Fast-forward 8 years. Here we are: Thursday's fifth full-length release. I enjoyed "War All the Time" and "A City by the Light Divided" about the same as "Full Collapse," but when I first popped this in, I was astounded. I don't think Thursday has changed THAT much. They're still doing what they always did best - being aggressive while maintaining good and interesting melodies, lyrics and song structures, all while pushing the boundaries.
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1 of 1 people found the following review helpful By symbolicacts on February 21, 2009
Format: Audio CD
It has been well documented that Thursday have struggled over the past couple of years. "A City by the Light Divided" was not very well received, and they were dropped from their label. Many people still feel 2001's "Full Collapse" was the high water mark for this band. On the other hand, I enjoyed their previous two releases just as much if not more than "Full Collapse." Although "Full Collapse" was well executed stripped down post hardcore, Thursday have completely transcended that genre over the past couple years... and that is certainly something to be proud of.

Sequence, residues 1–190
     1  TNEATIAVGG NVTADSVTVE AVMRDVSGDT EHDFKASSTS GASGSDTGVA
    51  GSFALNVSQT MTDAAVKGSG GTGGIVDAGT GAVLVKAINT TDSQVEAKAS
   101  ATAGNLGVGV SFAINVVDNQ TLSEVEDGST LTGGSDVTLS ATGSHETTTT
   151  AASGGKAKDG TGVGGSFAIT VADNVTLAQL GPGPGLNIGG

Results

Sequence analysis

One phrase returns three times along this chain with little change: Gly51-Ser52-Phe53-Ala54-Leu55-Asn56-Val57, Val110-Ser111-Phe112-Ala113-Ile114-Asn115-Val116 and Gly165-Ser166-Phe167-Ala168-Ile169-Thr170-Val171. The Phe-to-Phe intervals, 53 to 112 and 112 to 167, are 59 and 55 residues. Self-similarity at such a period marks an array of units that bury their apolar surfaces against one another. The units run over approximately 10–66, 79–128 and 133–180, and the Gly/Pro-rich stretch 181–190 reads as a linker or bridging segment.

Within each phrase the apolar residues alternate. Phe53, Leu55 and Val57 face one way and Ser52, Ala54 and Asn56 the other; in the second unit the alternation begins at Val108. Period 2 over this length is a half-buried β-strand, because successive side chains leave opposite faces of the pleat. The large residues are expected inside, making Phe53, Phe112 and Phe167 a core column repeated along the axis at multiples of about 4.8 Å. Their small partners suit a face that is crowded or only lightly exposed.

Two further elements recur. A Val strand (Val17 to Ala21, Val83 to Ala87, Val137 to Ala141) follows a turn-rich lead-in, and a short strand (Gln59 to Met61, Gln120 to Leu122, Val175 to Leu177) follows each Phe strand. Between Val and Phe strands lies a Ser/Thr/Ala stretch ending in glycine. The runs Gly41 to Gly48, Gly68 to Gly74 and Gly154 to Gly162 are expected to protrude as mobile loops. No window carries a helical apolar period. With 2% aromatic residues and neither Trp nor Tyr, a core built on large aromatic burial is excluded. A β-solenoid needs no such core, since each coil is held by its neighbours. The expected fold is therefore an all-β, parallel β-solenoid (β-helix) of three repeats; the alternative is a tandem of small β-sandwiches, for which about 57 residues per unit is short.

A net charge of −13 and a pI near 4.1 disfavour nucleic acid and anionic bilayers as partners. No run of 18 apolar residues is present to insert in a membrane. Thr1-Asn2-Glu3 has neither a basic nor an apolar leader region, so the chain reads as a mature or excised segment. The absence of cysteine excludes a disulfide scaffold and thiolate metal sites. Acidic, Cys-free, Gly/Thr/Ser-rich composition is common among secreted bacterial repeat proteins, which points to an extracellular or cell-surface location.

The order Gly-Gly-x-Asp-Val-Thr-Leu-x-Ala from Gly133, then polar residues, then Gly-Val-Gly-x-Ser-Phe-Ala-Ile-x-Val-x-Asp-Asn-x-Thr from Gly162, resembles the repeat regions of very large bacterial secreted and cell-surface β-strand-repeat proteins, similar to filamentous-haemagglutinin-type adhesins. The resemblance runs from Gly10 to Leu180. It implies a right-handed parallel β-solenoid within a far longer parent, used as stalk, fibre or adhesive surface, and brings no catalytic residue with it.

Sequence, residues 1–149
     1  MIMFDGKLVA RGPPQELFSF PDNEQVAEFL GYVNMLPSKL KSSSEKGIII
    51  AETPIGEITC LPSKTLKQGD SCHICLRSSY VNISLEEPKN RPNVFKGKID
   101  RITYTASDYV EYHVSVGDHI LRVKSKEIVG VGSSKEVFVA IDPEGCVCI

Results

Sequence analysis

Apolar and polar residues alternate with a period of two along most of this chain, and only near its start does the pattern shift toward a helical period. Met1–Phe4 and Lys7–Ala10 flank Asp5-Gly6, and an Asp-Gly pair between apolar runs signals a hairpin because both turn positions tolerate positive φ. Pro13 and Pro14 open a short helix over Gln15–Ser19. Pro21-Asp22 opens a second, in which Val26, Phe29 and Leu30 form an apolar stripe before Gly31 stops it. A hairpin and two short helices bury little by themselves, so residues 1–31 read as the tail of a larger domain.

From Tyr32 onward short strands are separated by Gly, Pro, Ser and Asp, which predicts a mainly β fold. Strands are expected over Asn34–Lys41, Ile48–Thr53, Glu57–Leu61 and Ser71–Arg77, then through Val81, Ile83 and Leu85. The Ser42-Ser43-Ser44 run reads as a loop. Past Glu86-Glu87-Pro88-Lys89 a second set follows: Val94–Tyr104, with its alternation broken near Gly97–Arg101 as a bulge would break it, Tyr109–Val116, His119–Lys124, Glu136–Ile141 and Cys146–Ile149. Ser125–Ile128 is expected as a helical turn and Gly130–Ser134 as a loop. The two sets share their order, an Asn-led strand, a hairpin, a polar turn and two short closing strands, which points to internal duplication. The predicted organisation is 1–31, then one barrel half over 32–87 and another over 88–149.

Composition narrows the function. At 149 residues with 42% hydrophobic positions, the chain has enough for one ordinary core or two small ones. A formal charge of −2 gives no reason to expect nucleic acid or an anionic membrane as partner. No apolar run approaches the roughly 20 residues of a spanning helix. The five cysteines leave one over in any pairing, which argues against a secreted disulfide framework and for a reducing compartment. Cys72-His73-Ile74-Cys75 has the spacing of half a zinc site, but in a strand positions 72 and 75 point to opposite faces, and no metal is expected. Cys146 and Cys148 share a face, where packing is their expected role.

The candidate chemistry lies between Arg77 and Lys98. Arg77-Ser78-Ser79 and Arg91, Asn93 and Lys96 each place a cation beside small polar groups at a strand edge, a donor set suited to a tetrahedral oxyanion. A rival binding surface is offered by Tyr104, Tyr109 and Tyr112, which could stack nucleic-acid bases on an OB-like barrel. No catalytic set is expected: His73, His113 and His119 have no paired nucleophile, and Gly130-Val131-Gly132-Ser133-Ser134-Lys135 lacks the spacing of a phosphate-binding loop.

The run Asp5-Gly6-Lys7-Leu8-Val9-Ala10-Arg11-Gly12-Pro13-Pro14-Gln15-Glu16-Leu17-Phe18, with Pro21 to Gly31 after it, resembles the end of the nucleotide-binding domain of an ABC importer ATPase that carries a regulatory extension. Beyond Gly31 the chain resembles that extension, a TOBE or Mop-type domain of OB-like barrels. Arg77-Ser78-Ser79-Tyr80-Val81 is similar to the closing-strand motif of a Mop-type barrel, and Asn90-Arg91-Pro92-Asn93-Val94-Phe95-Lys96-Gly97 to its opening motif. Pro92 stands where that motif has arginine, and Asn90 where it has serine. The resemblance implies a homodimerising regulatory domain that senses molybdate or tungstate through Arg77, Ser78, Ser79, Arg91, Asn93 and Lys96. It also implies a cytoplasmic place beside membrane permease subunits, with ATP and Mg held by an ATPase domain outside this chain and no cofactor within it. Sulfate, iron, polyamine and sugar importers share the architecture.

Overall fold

Thursday have quite noticeably changed their approach to songwriting as of late. While the essence of the band is the same, they have added a lot more texture to their music. This should not have been surprising in the least as they made keyboardist Andrew Everding a full time member of the band before the last album. They utilized him well on songs like "Counting 5-4-3-2-1" and "We Will Overcome", and guess what, this CD is no exception. The songs are even more atmospheric. "As he climbed the dark mountain" is epic. The last minute and a half of "Beyond the Visible Spectrum" is almost ethereal. "Circuits of Fever" is also a standout in that respect, with the reverberated distant vocals. The atmosphere is ever present on "Common Existence."

The atmosphere is there, but what really makes this CD superior to its predecessors is the execution. Their other four CDs didn't have home run songs like "Resuscitation of a Dead Man" or "Subway Funeral." Thursday even brings things to a halt for the slow, acoustic "Time's Arrow" to keep things interesting.